Surtaxed semi-postal or charity Swiss stamps for the Pro Juventute Foundation have been issued at the beginning of December of almost every year since 1912. None were issued in 1914, due to the outbreak of World War I.
Pro Juventute is a Swiss charitable foundation, established in 1912, dedicated to supporting the rights and needs of Swiss children and youth.
For the same
reason that the Latin name "HELVETIA" was chosen as the official name of
Switzerland, this charitable foundation for children chose the Latin
phrase "PRO JUVENUTE" or "FOR THE CHILDREN" as their official name.
Otherwise they would have to print the name of the foundation in all
three official languages of the Swiss Confederation on the postage stamps and on all their
The Pro Juventute Foundation issued the three stamps shown above (Zu. WI #I-III, Mi. #I-III, Sc. N/L) on December 14, 1912. They were distributed by the Swiss postal service, but as they did not have the country name, "HELVETIA", printed on them, they were not valid for postage. As such, these stamps are referred to in the specialized catalogs as "Vorläufer" or "Forerunners", for what would eventually be the annual issue of the Pro Juventute (Christmas) stamps.
These charity stamps were sold for use on holiday cards and letters, but regular Swiss postage stamps had to be used in addition to them for the payment of postage. The proceeds from the stamp sales went to the Pro Juventute Foundation.
Because of the legal requirement to use all three of the Swiss national languages, three different stamps had to be issued.
The 10 Rappen red brown, featured a German language legend meaning "A Lot of Sunshine in the New Year!".
The 10 Centimes green, featured a French legend meaning "Sunshine and Health to You!".
The 10 Centesimi red featured an Italian legend meaning "A Year of Sunshine!".
The German and French language stamps also had a green inscription printed on the back of them which translates loosely into English as: "FOR THE CHILDREN / The purpose of these Christmas stamps is to fight Tuberculosis in Children".
Mint, lightly hinged, examples of the German and French language stamps are readily available, and they are reasonably affordable. The Italian language stamp is SCARCE, and it is very difficult to find. Canceled stamps and stamps used on cards or letters are very scarce.
All three of these stamps
exist as horizontal pairs - imperforate between. They were also sold in
individual booklets containing five panes of three stamps each. The
booklets and booklet panes are VERY RARE and are seldom encountered.
The first official Swiss government stamp for the Pro Juventute Foundation, shown above (Zu. WI #1, Mi. #117, Sc. #B1), was issued on December 1, 1913. The 5 (+5) C. stamp featured the Latin expression PRO JUVENTUTE, so multiple inscriptions or multiple stamps were not needed to satisfy the national languages requirement. The stamp design depicts Helvetia, with the Matterhorn in the background.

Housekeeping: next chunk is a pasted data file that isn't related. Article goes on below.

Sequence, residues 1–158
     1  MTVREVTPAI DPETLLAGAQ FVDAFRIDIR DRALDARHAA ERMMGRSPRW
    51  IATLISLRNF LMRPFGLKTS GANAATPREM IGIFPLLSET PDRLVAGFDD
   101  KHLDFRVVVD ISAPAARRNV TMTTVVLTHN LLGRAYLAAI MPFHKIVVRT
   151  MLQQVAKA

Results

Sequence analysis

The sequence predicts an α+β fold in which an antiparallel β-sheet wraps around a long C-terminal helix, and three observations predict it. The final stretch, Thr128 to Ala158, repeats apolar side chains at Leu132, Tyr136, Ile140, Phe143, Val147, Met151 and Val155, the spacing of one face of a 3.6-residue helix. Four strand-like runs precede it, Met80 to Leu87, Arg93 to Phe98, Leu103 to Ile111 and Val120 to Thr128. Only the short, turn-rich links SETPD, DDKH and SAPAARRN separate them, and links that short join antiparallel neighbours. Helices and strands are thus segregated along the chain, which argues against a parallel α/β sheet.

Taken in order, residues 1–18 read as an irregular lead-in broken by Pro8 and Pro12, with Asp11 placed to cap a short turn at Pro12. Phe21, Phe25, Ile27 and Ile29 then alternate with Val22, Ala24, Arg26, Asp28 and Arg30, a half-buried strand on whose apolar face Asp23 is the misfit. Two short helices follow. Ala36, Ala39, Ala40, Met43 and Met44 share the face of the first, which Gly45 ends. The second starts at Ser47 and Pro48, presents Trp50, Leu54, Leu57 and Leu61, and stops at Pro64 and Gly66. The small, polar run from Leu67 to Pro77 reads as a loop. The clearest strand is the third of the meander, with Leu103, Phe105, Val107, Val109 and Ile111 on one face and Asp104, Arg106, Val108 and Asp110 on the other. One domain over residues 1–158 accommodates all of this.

The new stamp cost 10 C., of which 5 C. paid the first class postcard rate, and 5 C. went to the Pro Juventute Foundation.
surtax amount was not printed on the Pro Juventute Swiss stamps until
the issue of 1937. The surtax rule for the earlier issues is as
follows: 3 C. stamp had a surtax of 2 C., 5 C. to 20 C. stamps had a
surtax of 5 C., and 30 C. to 40 C. stamps had a surtax of 10 C.
The two Pro Juventute Swiss stamps shown above (Zu. WI #2-3, Mi. #128-29, Sc. #B2-3) were issued in 1915.
This issue, along with the 1916 and 1917 issues, feature children dressed in regional costumes. The 5 (+5) C. denomination depicts a boy of Appenzell, and the 10 (+5) C. denomination depicts a girl of Lucerne.
The 5 (+5) C. denomination was also issued in booklets containing five panes of six stamps each. The booklets and booklet panes are RARE.
this stamp was printed in special booklet-format sheets, it also exists
as "interspace" pairs and as "Tête-bêche" pairs. The interspace pairs
are rare. The Tête-bêche pairs are readily available, but they are a
The three Pro Juventute Swiss stamps shown above (Zu. WI #4-6, Mi. #130-32, Sc. #B4-6) were issued in 1916. Following in the theme of the 1915 issues, the 3 (+2) C. denomination stamp depicts a girl of Fribourg, the 5 (+5) C. denomination depicts a dairy boy of Bern, and the 10 (+5) C. denomination depicts a girl of Vaud.
The three Pro Juventute Swiss stamps shown above (Zu. WI #7-9, Mi. #133-35, Sc. #B7-9) were issued in 1917. The 3 (+2) C. denomination stamp depicts a girl of Valais, the 5 (+5) C. denomination depicts a girl of Unterwalden, and the 10 (+5) C. denomination depicts a girl of Ticino.
In 1918, the theme of the Pro Juventute Swiss stamps was changed to coats of arms, and this new theme continued though the 1930 issue.
The philatelic and thematic collecting possibilities of this series is incredible. A Swiss collector would obviously collect these as part of their basic Swiss collection. This issue, the Pro Juventute charity stamps, could also be collected as a specialty, adding booklets, varieties, postal history, and first day covers to the mix.
Thematically, these could be collected as semi-postal / charity stamps of the World or as Christmas stamps of the World. The issue also contains many thematic subjects within it, such as coats of arms, national costumes, famous people, flowers, plants, butterflies, birds, art, children's stories, and many more.
Combined with the
other series of charity stamps Switzerland releases every year during
the Summer, the Pro Patria series, just collecting or specializing in
the semi-postal stamp issues of Switzerland, by themselves, could
develop into a lifetime effort.
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